I understand now why housewives in Tampines Mall (a mere heartland mall) on weekends overdress (donning on the full regalia of a woman – sexy clothes, heels and cosmetics), and why housewives nag their husbands when their men return.
What these women need is activity outside their menial mundane indoor jobs, a
chance to dress up and feel beautiful, words of appreciation, emotional intimacy
and sometimes, simply human interaction.

Sunday, August 15, 2004

Friday the 13th

Friday the 13th of August was the day I passed my driving test, graduated from Comfort Driving Centre and bought my overpriced P-plate (those people at the 3M company really know how to capitalise on the unthinking state which the euphoria of getting that much-coveted license in Singapore brings about).

I can legally drive now – 6 months after getting into a driver’s seat for the first time and after one unsuccessful and traumatising test a month ago that reduced me to tears.

My first tester chastised me so severely that I felt as though I had been brought back to the days in my SAP primary school and getting a good admonishment from my Chinese teacher or the Chinese-speaking discipline master. With all seriousness and graveness of death, Foo Shou Way slowly passed his judgement, “Tsk tsk tsk, you’re a VERY dangerous driver,” slowly pronouncing each word clearly to make sure it sunk right to the back of my youthful and seemingly reckless face, into my head.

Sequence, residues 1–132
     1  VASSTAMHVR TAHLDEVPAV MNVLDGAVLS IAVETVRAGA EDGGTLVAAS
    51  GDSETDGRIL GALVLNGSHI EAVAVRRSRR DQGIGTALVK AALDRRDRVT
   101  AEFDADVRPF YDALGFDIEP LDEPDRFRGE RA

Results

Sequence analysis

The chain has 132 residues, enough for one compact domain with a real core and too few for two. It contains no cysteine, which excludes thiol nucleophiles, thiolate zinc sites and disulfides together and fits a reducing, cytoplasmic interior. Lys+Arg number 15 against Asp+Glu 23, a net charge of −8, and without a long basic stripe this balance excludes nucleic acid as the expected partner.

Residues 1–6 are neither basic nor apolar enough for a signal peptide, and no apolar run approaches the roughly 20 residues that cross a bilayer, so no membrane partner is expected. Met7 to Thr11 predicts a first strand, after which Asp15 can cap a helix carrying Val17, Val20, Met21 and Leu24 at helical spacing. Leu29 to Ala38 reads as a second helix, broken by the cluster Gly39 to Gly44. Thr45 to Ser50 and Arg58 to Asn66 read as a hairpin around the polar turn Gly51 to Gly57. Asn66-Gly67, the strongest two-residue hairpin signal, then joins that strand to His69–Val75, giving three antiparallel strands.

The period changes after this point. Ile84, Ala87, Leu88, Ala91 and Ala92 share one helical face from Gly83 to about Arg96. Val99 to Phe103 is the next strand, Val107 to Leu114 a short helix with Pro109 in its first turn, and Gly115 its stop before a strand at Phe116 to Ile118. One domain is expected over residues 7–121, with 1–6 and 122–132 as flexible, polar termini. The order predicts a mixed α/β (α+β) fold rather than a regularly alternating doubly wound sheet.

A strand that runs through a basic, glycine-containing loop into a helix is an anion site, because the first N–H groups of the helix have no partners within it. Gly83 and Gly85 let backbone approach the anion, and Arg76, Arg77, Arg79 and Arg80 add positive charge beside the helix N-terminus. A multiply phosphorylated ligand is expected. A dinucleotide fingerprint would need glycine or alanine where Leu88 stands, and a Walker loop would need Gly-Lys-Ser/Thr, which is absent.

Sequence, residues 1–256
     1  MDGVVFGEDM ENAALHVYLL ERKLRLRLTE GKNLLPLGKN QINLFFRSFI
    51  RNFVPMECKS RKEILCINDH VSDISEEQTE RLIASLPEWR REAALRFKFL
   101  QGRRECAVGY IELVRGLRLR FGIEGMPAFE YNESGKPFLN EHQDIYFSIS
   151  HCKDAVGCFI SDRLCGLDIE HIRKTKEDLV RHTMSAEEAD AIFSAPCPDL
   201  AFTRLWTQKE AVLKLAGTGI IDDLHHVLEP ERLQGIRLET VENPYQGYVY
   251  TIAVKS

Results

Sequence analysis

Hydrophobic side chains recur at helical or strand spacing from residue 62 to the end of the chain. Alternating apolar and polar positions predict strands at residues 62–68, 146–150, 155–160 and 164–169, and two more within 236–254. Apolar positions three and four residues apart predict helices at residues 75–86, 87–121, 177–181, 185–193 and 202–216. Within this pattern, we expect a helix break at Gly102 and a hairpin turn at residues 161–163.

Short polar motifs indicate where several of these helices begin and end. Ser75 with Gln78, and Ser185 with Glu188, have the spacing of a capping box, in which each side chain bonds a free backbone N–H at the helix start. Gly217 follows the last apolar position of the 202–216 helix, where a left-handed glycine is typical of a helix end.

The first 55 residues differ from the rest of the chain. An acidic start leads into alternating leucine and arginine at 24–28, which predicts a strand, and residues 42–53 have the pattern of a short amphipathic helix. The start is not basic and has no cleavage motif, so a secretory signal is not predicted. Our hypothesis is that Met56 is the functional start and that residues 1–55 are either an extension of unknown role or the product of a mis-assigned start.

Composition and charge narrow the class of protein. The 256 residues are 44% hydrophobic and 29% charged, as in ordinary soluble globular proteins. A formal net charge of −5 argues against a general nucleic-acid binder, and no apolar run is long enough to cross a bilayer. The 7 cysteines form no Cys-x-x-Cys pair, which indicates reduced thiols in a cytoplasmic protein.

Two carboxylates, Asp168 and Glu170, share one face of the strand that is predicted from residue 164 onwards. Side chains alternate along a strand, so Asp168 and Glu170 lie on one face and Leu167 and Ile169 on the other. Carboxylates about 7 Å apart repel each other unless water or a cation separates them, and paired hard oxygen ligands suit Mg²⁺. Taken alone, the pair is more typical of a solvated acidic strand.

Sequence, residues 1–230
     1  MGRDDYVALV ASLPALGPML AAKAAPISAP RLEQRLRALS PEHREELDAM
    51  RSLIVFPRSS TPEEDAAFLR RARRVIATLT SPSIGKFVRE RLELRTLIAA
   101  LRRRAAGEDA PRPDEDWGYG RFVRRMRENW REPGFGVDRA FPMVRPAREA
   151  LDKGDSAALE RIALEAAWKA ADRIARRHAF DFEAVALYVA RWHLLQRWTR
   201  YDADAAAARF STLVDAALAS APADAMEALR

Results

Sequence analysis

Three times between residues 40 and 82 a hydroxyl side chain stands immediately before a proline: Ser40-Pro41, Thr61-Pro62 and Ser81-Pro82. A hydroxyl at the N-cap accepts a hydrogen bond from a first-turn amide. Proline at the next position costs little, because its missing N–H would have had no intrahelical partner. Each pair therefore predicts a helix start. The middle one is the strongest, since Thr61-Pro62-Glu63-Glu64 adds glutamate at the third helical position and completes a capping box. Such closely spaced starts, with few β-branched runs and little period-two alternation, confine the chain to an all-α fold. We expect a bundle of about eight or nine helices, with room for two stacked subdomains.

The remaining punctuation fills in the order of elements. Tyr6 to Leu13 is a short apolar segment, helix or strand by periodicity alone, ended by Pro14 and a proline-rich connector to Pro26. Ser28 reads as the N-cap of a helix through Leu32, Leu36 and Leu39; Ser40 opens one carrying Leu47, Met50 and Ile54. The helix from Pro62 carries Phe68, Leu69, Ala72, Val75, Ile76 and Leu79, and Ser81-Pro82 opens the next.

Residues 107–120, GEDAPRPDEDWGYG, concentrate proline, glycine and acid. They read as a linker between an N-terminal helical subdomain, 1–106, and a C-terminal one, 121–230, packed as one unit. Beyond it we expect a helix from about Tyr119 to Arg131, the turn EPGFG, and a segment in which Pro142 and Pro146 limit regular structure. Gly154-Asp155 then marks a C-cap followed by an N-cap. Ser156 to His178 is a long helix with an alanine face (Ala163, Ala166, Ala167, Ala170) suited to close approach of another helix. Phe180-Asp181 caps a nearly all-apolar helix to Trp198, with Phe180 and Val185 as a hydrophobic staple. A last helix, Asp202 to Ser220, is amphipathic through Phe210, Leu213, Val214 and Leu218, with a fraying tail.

Then I went to the toilet and cried. It was only a test that some people I am aware of attempted more than 10 times. Yet, I could not help myself. Things were looking awful for me then too, with me failing everything I put myself into (screwing up my A Levels, not being able to get into a local university, having failed both my basic and final theory once each and being a wreck teaching Sunday school). But I had to stop myself from crying in the cubicle because I desperately needed to pee too and I had run out of tissue. My last bit of unsoiled tissue went to my face again when I emerged from the toilet and caught my red face in the mirror. So that meant that I could neither cry nor pee anymore. And that had made me want to cry more.

Anyway, back to Friday the 13th.

Friday the 13th’s tester was a precious Malay. There are only two Malay testers at the centre, and it is pretty well-known that the Malay testers are the nice ones. He was dozing off as I took my test. He took me on a heavily modified and very shortened Route 3. I was probably the first to finish my test. In spite of my temporal loss of time awareness during the tense procedure, I believe I was barely on the road for six minutes.